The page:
There’s no doubt about it. Escalator funded horror-comedy Housebound is a remarkable accomplishment. At its SXSW festival debut earlier this year, the film was praised for its freshness of voice, strong performances, carefully handled script, and the perfect dose of NZ’s dry humour.

The July Writer’s Room celebrated the screening of the film at the NZ International Film Festival with a special session. Housebound’s writer, director and editor Gerard Johnstone (The Jaquie Brown Diaries) and producer Luke Sharpe (The Jaquie Brown Diaries) sat down with filmmaker Jackie Van Beek (Go the Dogs) to talk about the challenges of writing and making this debut feature.

The film played to a packed house at the Auckland International Film Festival and Housebound is ‘bound’ to be an audience favourite when it makes nationwide release in September. “This film is funny, scary, emotional … and reveals some truth about the New Zealand character,” said Jackie.

Housebound is indeed an extraordinary achievement. Made with the help of the New Zealand Film Commission’s Escalator funding scheme and capped at $250,000, the process from one-page idea to the screen was not the easiest of journeys for Gerard and Luke.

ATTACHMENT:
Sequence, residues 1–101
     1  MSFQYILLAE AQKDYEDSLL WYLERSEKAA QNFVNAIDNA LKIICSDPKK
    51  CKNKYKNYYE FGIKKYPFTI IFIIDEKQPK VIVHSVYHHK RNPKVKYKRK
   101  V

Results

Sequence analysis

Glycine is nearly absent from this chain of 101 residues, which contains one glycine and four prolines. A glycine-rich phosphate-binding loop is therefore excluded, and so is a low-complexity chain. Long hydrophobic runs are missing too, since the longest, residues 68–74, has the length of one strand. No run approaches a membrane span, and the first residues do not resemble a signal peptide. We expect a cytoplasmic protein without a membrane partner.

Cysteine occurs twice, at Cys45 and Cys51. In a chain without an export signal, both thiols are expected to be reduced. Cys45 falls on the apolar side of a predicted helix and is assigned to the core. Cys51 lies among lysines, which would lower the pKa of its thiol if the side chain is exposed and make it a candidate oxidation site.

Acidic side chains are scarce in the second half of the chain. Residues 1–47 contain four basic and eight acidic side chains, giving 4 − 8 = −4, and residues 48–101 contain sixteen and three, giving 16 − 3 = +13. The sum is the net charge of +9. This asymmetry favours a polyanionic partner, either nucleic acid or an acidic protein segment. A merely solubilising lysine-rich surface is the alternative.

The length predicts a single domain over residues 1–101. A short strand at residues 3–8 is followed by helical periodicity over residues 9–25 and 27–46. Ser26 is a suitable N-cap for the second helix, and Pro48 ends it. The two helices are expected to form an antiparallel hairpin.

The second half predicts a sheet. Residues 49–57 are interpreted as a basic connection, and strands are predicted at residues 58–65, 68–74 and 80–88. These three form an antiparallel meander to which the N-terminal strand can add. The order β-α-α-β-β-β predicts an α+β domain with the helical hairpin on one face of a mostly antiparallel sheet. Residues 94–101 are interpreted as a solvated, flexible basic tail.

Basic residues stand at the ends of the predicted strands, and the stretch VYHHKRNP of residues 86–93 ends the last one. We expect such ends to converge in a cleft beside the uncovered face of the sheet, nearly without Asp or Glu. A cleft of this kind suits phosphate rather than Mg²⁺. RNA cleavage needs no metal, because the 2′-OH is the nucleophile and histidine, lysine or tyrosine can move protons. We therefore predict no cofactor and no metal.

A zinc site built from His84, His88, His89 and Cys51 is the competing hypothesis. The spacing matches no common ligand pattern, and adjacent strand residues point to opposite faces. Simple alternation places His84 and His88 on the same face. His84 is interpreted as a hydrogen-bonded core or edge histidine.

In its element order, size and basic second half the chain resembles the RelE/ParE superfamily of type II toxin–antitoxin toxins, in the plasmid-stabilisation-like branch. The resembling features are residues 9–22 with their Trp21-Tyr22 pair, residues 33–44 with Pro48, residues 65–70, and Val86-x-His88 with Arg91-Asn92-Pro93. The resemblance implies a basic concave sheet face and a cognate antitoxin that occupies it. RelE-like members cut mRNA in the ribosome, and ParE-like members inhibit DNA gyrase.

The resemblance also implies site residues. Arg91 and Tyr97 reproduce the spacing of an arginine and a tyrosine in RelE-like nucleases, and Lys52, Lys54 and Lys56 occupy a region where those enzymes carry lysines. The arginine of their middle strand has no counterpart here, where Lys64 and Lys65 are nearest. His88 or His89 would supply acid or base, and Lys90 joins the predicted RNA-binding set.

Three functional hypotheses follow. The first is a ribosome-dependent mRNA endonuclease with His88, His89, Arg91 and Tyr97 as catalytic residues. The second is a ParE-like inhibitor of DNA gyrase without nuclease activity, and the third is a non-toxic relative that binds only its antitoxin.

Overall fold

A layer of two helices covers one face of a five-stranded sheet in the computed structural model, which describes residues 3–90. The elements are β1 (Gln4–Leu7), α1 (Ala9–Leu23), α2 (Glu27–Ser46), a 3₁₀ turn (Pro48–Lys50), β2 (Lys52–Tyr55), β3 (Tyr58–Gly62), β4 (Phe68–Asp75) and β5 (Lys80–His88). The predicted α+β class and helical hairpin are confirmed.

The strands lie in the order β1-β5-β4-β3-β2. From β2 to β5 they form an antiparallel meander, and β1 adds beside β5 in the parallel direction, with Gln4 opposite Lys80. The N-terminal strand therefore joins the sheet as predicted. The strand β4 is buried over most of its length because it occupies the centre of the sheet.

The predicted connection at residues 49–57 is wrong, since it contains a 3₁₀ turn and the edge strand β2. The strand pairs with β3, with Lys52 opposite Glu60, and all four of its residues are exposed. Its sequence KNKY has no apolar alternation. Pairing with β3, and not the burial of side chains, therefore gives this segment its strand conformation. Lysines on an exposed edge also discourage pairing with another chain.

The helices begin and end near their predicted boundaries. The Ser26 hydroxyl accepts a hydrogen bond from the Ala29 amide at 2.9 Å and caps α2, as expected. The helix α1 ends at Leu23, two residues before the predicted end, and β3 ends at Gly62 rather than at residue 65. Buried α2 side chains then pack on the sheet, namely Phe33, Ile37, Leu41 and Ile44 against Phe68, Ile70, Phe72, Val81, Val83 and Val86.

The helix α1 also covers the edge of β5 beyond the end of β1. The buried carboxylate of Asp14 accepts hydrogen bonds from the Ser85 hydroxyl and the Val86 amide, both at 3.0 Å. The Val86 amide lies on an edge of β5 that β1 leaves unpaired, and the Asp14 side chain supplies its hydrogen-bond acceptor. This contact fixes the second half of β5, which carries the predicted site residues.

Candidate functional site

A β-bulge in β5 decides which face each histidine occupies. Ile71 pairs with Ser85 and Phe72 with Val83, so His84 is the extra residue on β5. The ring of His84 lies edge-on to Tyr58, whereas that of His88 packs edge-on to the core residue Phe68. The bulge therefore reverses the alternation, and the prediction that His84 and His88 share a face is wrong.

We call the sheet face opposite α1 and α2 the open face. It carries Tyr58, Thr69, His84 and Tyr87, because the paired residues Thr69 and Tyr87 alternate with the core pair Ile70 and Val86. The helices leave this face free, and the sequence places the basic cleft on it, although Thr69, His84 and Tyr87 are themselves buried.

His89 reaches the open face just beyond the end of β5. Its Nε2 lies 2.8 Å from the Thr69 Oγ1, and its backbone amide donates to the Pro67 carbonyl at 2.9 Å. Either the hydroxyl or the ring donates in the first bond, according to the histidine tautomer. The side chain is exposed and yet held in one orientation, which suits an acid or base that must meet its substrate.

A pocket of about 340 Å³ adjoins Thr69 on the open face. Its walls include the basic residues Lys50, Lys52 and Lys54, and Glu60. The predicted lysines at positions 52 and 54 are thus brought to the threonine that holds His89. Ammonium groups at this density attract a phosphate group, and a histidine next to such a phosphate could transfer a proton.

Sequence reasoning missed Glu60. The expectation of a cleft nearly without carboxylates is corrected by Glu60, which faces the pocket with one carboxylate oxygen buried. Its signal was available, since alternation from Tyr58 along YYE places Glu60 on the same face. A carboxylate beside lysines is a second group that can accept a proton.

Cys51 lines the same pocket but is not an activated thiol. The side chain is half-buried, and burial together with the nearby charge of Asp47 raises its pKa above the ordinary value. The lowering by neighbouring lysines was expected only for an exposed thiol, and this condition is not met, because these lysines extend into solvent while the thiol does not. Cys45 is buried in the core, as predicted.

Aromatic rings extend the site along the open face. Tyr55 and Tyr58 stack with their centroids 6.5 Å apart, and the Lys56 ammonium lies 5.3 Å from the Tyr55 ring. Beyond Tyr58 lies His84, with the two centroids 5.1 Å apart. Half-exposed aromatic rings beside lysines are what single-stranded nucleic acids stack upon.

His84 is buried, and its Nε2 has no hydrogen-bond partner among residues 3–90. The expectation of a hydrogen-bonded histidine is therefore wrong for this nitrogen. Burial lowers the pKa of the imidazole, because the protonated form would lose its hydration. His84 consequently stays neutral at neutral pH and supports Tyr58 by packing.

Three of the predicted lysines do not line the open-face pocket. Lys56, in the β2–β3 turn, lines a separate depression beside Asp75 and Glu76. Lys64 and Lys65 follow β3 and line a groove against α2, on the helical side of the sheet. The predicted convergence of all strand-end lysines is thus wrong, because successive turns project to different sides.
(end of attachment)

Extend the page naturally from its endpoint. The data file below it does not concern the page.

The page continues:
“We started in mid-2010 when we were shortlisted for Escalator,” said Gerard, “and turned around a first draft of the script in two months. We began filming in late 2011 and finished filming this year. The whole thing took about four years but it wasn’t a continual process. We worked in patches.”

Escalator is essentially a quick turnaround scheme. The associated pressures of working within the parameters are high but it’s hard for a film maker to turn down the opportunity to make a film when there is money on the table.

“There was a lot of pressure,” said Gerard. “The Jaquie Brown Diaries was successful. I thought people were expecting great things and that led me into this inertia where I couldn’t be as productive as I wanted to. Housebound was short listed for Escalator off a one page idea and there’s a big difference between having an idea and turning that idea into a 100 page script in two months. It was really hard. The challenges got on top of me. We started shooting because we had to, or risk losing the money. I naively hoped that we’d start shooting and I’d see how it went.”